Do I need planning permission?
Planning rules for householders
Minor changes which may not require formal planning permission (permitted development)
Certain types of building work and minor changes to your property can be carried out without formal planning permission - this is known as permitted development. Types of work that may be undertaken without planning permission include:
(The links above go to The Planning Portal and open in a new window.)
Please note: Changes to permitted development allowances on rear extensions came into force on 30 May 2013. A full summary of the changes can be found here.
Prior Approval Applications can be made to the Council in the form of a letter but must contain the following information:
- A description of the works in full including how far the enlarged part of the dwelling house extends beyond the rear wall of the original house.
- The maximum height of the enlarged part of the dwelling house.
- The height of the eaves of the enlarged part of the dwelling house.
- A plan indicating the site and showing the proposed development.
- The addresses of any adjoining premesis.
- The developers (applicant's) contact address and an email address if you wish to receive communications electronically.
Other InformationTo find out which permitted development rights apply to your property you need to check:
- Is there an Article 4 Direction on the land which removed permitted development rights?
- Is the property located in a Conservation Area, land in an Area of Outstanding Natural Beauty and land in a SSSI (Site of Special Scientific Interest), known as Article 1(5) land?
You can enquire about dropped kerbs on our Planning Permission Enquiry System.
Check if you need planning permission - permitted development factsheets
There are conditions and limitations to permitted development rights for example outbuildings in the grounds of listed buildings, restrictions in conservation areas and Areas of Outstanding Natural Beauty.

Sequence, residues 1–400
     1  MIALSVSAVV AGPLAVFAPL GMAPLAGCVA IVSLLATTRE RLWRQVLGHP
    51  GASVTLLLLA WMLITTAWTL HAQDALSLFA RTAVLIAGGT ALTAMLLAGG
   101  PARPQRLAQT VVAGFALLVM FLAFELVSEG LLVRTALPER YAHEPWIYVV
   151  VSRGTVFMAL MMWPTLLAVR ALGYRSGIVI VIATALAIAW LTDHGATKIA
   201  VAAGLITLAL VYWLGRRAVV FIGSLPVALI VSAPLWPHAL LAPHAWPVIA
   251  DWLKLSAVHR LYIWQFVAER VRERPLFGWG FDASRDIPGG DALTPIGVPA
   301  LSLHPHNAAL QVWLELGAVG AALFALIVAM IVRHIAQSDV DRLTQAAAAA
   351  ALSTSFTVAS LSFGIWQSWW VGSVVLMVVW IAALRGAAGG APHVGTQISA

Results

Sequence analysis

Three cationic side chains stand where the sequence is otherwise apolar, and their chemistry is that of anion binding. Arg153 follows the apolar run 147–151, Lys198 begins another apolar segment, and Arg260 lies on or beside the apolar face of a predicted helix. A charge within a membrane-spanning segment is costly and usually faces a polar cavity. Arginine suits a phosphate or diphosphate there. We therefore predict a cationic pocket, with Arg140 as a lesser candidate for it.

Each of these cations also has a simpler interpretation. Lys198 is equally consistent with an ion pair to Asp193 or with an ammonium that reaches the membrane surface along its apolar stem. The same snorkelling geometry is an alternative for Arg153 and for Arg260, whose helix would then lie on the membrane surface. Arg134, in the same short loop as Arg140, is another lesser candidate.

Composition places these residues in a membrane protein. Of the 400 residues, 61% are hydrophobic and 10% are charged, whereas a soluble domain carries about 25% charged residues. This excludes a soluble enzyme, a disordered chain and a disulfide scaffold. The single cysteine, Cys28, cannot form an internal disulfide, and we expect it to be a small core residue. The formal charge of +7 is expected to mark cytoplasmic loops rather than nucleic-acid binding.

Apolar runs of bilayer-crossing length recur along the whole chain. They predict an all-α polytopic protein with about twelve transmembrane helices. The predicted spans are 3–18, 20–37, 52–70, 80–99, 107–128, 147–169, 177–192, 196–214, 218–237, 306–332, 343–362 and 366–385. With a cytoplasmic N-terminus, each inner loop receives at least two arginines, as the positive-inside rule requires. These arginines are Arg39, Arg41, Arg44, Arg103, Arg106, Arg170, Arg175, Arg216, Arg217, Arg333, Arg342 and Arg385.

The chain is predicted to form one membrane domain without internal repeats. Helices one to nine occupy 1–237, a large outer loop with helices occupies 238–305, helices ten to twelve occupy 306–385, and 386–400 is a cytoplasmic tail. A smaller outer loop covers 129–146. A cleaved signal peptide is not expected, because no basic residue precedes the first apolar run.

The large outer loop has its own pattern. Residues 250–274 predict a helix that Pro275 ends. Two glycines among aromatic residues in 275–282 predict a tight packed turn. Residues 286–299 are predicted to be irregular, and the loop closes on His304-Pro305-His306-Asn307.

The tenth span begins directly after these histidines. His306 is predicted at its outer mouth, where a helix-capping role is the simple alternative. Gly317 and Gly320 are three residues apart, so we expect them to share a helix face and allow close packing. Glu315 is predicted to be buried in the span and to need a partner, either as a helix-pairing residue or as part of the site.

Please note: Changes to permitted development allowances on rear extensions came into force on 30 May 2013. The self help checksheets have not yet been amended to reflect this.
It is your responsibility for seeking, or not seeking, planning permission so we strongly advise you refer to our Permitted Development fact sheets.
Follow this checklist
You must comply with all planning rules and regulations when making changes to your home. You can look at our handy checklist for initial guidance.
You can download our permitted development planning fact sheets or pick up a hard copy guide from the Planning Reception desk in Godalming to guide you through the process. Older planning records, which are stored on microfiche will require you to come to Planning Reception to view.
Permitted Development for householders - Technical Guidance from the Planning Portal
The Government Technical Guidance document is being updated to reflect the larger extension permitted development changes which came into force on 30 May 2013. It will be re-published in due course.
Where else can I find advice?
For general advice and guidance on whether you need planning permission, go to the Planning Portal site.
Permitted development rights - find out more
The Town and Country Planning (General Permitted Development Order) 2008 (As amended) governs what you can do under permitted development rights. These rights are subject to some conditions and limitations. You should always check the conditions imposed on any previous planning permissions associated with your property since 1948.
Page owner: Ben Hammond. Last updated: 07/06/2013 10:10